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Homebuilding Drops as End of Tax Credit Loomed

 
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news



Joined: 14 Jul 2007
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Location: Greater Boston

PostPosted: Wed Nov 18, 2009 5:28 pm GMT    Post subject: Homebuilding Drops as End of Tax Credit Loomed Reply with quote

Use this forum thread to discuss the following link.

Description: Homebuilding Drops as End of Tax Credit Loomed
URL: http://www.bloomberg.com/apps/news?pid=20601103&sid=aEMonBPQCaQE
Info/Broken?: http://www.bostonbubble.com/link_info.php?id=2684

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admin
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Joined: 14 Jul 2005
Posts: 1823
Location: Greater Boston

PostPosted: Wed Nov 18, 2009 5:31 pm GMT    Post subject: Reply with quote

Quote:
Nov. 18 (Bloomberg) -- Residential construction in the U.S. unexpectedly dropped...


Yeah, right. Who could have possibly expected that the so called "stabilization" in the housing market was a contrived and tenuous result of government intervention?

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Renting in Mass



Joined: 26 Jun 2008
Posts: 381
Location: In a house I bought in December 2011

PostPosted: Wed Nov 18, 2009 8:00 pm GMT    Post subject: Reply with quote

I can't stand the "unexpected" lede that Bloomberg uses in nearly every article. They ask a bunch of economists to guess where a number will fall, and then when the number is higher or lower than the average guess, they say it's unexpected. Totally pointless.

That said, this number was interesting in how far it was off the consensus estimates (guesses). The estimates ranged from 570,000 to 630,000 and the number came in at 527,000. It's rare to see a number come in completely outside of the range, let alone that far outside. In this case, it actually was unexpected in an interesting way, but since they use that term every single day, it has lost all meaning.
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john p



Joined: 10 Mar 2006
Posts: 1820

PostPosted: Wed Nov 18, 2009 10:19 pm GMT    Post subject: Reply with quote

I know, how do I get a job being an economist?

Do you remember when Fred Flintstone was a twin with this big executive in Bedrock and when the executive went on a bender, they asked Fred to fill in as a double? No? Oh, well anyway all they told Fred to say was "Who's baby is that.... What's their angle..... I'll buy that."

Most of these Wall Street guys have an angle. I knew an artist who described art critics as writers that wanted to show off their own writing craft in their review and many are not really focus on communicating the intent of the Artist or piece being reviewed. Economists are kind of the same way. Hell, Mark Zandi was considered some fringe nut-case until many realized he was right an awful lot. I also see many economists with a political agenda. I mean you're not going to be selected by either the Press or the Government today unless you subscribe to Government Interaction. If this starts to go bad, they'll roll in the Milton Friedman types and Dick Morris will be front and center. I love how that guy is always pumping his book "Catastrophe". I think much of the turbulence is due to the fact that the pendelum shifts so abruptly because people don't think of things like a mechanic that tunes things in a refined manner, they're either in one camp or another. Also, Economists fear being wrong so they don't make predictions, which is really the only value they have for society.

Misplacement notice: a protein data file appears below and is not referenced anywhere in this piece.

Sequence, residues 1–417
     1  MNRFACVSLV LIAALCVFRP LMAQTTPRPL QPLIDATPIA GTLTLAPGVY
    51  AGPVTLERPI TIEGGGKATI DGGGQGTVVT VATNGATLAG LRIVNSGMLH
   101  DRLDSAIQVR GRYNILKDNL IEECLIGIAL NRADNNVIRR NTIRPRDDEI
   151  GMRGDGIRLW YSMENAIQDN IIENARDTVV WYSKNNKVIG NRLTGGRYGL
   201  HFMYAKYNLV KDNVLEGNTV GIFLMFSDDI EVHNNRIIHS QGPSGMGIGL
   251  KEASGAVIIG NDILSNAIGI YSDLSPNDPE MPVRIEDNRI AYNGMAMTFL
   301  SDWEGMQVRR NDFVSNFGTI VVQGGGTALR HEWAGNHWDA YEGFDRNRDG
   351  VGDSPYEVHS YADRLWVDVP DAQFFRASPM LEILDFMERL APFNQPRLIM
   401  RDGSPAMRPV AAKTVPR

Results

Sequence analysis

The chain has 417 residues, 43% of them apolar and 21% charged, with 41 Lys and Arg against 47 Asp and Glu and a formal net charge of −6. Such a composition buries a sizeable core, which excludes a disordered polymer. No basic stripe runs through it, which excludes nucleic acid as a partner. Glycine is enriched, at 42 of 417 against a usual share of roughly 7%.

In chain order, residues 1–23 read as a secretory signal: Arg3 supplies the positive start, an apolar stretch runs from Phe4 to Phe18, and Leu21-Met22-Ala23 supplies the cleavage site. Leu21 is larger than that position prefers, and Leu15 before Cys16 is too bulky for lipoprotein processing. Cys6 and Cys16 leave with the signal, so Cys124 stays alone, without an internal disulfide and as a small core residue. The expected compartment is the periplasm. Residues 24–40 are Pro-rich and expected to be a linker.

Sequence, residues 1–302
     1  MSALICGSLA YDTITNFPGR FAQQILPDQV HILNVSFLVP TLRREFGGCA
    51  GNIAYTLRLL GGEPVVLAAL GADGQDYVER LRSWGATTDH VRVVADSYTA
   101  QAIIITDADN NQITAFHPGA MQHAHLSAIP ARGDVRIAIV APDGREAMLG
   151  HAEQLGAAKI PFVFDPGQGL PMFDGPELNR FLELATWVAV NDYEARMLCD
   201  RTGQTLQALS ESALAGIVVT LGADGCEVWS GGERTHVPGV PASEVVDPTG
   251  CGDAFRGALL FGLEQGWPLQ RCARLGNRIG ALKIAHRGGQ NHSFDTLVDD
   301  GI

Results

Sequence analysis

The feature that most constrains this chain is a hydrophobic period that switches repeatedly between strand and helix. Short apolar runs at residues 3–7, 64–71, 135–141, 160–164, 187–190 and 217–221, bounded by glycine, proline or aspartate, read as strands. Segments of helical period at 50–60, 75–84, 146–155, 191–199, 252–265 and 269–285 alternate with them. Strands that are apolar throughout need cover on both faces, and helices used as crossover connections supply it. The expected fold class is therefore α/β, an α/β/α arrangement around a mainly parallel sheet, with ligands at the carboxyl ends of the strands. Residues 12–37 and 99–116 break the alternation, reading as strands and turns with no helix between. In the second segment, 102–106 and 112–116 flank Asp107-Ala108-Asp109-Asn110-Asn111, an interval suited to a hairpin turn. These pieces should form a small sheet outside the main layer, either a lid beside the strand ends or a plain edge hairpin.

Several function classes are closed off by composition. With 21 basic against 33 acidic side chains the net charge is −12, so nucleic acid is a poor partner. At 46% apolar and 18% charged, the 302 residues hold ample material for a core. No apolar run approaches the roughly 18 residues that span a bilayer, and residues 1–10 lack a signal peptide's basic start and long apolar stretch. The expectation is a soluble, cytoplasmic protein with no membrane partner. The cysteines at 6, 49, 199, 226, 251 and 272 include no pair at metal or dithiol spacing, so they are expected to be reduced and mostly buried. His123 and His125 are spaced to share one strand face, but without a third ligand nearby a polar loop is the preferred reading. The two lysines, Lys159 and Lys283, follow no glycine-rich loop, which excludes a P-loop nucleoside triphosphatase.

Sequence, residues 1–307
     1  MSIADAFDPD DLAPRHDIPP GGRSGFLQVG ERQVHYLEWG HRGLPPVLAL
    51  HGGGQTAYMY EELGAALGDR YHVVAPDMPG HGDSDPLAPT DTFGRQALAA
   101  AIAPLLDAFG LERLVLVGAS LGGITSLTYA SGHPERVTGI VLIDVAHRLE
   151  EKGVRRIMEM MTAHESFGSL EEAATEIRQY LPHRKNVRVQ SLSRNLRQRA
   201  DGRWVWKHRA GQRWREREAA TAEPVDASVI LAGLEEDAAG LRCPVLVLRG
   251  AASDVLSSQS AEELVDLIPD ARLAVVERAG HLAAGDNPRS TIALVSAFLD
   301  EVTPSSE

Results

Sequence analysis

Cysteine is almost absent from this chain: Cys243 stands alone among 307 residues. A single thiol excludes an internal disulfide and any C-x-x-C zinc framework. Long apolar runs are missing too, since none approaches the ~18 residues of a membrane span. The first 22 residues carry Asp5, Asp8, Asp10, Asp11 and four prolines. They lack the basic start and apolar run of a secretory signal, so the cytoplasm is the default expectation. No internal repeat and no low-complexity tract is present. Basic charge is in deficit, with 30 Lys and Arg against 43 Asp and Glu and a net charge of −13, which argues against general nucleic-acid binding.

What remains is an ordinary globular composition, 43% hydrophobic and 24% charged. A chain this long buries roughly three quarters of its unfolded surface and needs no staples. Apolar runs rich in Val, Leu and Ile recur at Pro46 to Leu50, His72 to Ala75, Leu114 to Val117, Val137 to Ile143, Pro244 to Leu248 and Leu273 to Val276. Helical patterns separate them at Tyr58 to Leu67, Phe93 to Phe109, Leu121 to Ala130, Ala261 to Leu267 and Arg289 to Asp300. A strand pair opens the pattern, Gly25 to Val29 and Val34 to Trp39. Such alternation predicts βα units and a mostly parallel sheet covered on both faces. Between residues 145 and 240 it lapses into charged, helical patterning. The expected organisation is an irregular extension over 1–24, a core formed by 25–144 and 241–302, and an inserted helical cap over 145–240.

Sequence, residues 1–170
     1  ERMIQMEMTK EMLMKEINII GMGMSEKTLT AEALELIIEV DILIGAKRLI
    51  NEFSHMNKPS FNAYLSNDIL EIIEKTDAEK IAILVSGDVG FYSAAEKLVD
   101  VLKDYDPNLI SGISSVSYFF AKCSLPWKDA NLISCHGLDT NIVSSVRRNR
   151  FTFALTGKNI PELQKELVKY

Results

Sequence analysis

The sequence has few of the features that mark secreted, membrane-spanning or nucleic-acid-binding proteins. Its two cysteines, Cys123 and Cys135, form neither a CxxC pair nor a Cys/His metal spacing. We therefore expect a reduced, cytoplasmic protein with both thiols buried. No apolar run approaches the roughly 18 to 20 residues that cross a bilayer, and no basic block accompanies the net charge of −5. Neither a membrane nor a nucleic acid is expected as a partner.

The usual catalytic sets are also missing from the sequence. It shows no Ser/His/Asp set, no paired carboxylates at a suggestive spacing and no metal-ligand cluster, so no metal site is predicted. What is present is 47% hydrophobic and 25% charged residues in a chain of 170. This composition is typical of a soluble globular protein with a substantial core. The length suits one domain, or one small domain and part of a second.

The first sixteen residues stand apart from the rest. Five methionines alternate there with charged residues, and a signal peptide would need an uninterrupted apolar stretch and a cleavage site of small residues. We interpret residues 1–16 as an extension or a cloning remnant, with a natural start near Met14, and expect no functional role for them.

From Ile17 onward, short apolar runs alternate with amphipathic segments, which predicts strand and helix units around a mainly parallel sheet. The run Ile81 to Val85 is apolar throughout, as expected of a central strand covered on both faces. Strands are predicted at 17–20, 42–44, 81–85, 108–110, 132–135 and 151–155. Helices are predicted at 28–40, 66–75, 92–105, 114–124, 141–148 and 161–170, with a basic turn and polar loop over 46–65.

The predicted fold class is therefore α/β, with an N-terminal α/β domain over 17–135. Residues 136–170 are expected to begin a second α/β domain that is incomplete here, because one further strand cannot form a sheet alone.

The interesting thing about capitalism and politics is that those that care about the bottom line don't care about anything but the bottom line. In a way that's kind of pure and predicatible. Wall Street shifts their support from Republican to Democrat because they want to pick the winner because they'll get the most spoils in doing so. So does their ideology differ; no because they were just doing what made them the most money and when a Republican is in office you make money one way and when it is a Democrat, you make it another.

I went to a Conference back when Clinton was in office. Clinton used this buzz word "Sustainable", and basically was going to throw money at anything that was "Sustainable". Well every guy from Yale and Harvard came forward saying "I've been talking about Sustainability for years....". I was a young guy but I knew what the deal was...

Today, I went to two presentations on "Green Design". The first was building solar voltaics. Basically the stuff is warrantied for like 10 years, and the financial payback period is guess what.... 10 years..." The second presentation was about the new building energy codes. Well it took three government workers two hours to just list the changes in the next few years. These guys held up phone book sized codes that referenced other phone book sized codes (all of which would be updated on different cycles). They never opened the cover of these codes to describe what was inside as the red tape was so dense that there wasn't enough time in the two hours. It was mind numbing and to think that they are going to dump tax payer money into this hole. I mean the only people that will embrace this are those that plan to exploit it. I remember hearing stories about contractors that would like about insulating homes and pocketting the incentive money....
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